Q&A with Happy Days Director Gerald Vanderwoude

We had the chance to sit down with the Gerald Vanderwoude, director of the UBC Theatre and Film’s production of Happy Days by Samuel Beckett to get a behind-the-scenes take on the show.

Gerald currently serves as the Assistant Dean, H.R. and Facilities for the Faculty of Arts. During his time at UBC, he has directed over 25 Beckett productions.  In this production, he directs his wife, a UBC alumna, Beverly Bardal, and UBC alumnus, Joe Procyk.

Q: So, why did you choose to do this play?

A: Because I bought this book 20 years ago – it’s Happy Days: The Production Notebook of Samuel Beckett, edited by James Knowlson. I knew I would direct it with my wife in it and it seemed like a good time last year, so we pitched it, and here we are.


Q: Is Happy Days a comedy or tragedy?

A: I would say both and more. There’s humour, tragedy, comedy, and terror. They are all aspects in this play.


Q: What’s the play about?

A: I think this play really is about people seeking out other people. Husbands, wives, brothers, sisters ‑ seeking each other or seeking religion and god. I mean this is the existential soup that is Beckett.


Q: What can someone expect when they go see Happy Days?

A: It’s not so much what someone should expect going into it but rather it’s about being open to having an experience. Each person will take from it something different and that’s the beauty and joy of it.


Q: How are you making this Samuel Beckett piece your own?

A: Ohh…I’m just a passenger on this journey. My stamp on it is to get out of the way and make sure the performers have all that they need to handle these mammoth roles.

I mean, Beckett, he’s not your average playwright. He’s a master chessman. He’s always 45 to 50 moves ahead of you and if you think you can out-Beckett Beckett, forget it. There are some purists out there who say you can’t change anything, but the truth of it is that you change as little as possible and when you do change something, you have to understand exactly why you did it because it will impact the play. The best you can do is try to leave the play as open as possible and try to be as true as you can to Beckett’s poetic expression. That’s what’s going to resonate with the audience.


Q: How has it been working with the cast?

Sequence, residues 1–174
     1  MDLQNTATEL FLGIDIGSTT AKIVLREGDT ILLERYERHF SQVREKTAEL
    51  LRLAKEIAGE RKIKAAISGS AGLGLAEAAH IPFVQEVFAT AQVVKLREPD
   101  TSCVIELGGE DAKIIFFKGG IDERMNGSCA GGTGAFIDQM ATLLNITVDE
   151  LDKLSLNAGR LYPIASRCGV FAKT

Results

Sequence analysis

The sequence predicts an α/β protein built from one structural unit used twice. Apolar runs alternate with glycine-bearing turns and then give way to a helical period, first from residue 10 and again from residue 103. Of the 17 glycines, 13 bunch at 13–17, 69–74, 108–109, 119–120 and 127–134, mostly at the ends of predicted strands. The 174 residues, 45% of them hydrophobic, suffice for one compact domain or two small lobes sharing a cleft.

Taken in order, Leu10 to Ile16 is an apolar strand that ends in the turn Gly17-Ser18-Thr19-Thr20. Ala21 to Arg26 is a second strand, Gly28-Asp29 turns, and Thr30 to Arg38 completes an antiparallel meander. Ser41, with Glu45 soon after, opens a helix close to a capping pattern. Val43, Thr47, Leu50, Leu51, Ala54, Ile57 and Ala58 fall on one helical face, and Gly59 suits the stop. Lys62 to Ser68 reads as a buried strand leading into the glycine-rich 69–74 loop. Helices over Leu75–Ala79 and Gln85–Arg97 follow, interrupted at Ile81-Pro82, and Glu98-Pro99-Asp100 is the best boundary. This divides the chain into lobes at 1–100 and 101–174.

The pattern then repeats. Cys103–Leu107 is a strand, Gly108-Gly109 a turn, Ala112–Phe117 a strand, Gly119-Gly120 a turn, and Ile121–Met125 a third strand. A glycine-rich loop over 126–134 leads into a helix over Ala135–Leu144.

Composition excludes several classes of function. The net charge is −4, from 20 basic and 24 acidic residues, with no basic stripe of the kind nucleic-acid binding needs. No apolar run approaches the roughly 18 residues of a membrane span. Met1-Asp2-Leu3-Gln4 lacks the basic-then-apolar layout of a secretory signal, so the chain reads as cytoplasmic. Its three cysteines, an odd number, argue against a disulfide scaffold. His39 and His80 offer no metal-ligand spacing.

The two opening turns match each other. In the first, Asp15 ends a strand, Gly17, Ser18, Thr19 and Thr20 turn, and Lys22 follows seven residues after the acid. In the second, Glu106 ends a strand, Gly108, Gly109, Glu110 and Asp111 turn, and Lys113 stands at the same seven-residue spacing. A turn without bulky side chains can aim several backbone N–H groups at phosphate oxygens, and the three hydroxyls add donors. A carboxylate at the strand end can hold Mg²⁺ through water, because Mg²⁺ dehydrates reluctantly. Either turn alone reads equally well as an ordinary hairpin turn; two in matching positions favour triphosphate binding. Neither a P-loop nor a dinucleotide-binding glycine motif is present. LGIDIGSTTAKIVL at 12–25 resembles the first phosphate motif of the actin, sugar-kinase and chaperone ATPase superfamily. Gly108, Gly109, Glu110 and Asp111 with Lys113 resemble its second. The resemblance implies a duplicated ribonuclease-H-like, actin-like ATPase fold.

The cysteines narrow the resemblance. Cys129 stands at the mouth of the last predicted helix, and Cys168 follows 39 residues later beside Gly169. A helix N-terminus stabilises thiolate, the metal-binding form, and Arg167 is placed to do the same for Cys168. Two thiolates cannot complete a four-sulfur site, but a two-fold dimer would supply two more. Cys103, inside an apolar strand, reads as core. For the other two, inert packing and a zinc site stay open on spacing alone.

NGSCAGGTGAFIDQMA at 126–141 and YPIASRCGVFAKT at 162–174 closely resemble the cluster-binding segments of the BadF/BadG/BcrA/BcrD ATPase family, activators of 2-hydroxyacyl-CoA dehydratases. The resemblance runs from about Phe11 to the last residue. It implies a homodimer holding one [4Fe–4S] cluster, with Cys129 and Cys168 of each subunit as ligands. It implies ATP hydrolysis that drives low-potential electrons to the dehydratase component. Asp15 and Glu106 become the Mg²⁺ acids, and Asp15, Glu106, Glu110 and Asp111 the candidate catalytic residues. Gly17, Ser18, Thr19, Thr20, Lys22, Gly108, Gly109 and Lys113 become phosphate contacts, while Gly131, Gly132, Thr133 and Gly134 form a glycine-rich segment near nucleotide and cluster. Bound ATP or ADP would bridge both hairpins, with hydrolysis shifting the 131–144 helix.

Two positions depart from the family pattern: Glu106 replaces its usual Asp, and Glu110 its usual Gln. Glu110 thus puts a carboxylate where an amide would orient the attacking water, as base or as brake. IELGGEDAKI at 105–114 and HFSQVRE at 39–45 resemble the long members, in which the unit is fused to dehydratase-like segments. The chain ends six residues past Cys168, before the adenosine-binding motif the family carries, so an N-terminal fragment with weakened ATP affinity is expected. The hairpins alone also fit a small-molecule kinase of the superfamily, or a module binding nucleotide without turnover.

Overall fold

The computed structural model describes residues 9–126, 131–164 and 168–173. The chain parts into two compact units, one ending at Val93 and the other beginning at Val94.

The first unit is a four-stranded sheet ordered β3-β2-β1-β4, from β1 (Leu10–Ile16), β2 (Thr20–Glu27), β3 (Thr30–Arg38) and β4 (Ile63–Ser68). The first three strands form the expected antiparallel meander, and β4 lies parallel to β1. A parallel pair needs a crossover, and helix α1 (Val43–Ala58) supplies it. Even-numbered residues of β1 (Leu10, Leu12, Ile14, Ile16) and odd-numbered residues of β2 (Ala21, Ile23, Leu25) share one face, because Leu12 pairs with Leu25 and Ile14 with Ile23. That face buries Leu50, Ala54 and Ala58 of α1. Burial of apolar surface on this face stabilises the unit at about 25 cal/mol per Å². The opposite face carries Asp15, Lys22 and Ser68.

A: It’s been great! I get to work with my wife, Bev, and Joe Procyk.  Joe works in the UBC Library and I’ve known him for years. We’re like a jazz ensemble. We all know shorthand with each other. Even the staff here – I wouldn’t even call them that – they’re more like co-collaborators. I’ve known them since I was the administrator of the theatre department. The level of commitment and expertise from the department is great. We do it because students get to be a part of the production and we get to give something back to the theatre department and to the Peter Loeffler Scholarship.


Q: Any memorable moments directing this production so far?

A: Yeah, I would say personally for me, I don’t often get moved to tears in rehearsal. Usually, as a director, you’ll see the play as an amalgamation of parts. It’s about putting the pieces together with the actors who are also working through a process. Rarely do you see a flash of the whole show where it all lines up and you say “wow, I didn’t anticipate that”. I didn’t see the symphony of it at first, but I’ve seen the moments all come together a couple of times with this play, and that’s just surprising to me.


Q: What has been one challenge you faced directing this production?

A: (Laughs) Trying to figure out how to light an umbrella on fire without a disaster happening or without burning the actress. I can say it’s safe and it’s quite an effect but that was one of the trickier things I didn’t see coming!


Q: What have you enjoyed most about directing this play?

A: I’ve enjoyed working with the text because it’s so layered and has such depth to it. I’ve had to really work out how small or large or terrifying to make each moment.


Q: Any last comments?

A: This might be dangerous to say, but this is either the best thing I’ve done or the worst thing I’ve done, but it’s nowhere in the middle. I have a funny feeling that it’s the best thing I’ve done. That’s my gut instinct on it.

Happy Days will be on at the Frederic Wood Theatre from September 27 – 30, 2017. Get your tickets soon.